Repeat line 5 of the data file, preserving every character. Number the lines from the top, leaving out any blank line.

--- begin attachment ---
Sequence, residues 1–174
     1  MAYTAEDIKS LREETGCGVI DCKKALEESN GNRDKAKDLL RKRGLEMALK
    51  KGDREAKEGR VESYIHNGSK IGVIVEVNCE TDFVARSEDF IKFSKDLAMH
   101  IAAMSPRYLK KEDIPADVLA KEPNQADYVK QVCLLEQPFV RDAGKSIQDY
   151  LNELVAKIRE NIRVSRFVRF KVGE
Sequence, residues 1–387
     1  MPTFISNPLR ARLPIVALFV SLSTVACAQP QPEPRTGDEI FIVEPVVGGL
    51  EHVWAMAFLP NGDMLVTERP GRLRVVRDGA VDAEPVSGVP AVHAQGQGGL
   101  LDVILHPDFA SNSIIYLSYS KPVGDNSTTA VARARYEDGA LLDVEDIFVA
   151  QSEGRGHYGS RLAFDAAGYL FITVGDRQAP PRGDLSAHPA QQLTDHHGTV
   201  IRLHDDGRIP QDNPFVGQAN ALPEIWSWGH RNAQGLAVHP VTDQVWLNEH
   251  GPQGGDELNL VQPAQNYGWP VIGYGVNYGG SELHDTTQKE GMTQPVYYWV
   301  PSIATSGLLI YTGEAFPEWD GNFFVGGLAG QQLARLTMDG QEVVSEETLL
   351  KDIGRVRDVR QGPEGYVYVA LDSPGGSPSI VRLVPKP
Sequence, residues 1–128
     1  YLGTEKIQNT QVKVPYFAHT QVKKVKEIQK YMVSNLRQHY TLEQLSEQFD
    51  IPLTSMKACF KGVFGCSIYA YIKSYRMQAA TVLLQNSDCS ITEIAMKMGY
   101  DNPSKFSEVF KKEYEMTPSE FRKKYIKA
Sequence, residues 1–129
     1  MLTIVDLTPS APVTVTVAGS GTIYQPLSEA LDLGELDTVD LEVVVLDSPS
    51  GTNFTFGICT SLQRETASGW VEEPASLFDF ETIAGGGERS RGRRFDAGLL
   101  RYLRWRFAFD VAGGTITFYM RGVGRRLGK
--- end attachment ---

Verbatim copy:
   151  LNELVAKIRE NIRVSRFVRF KVGE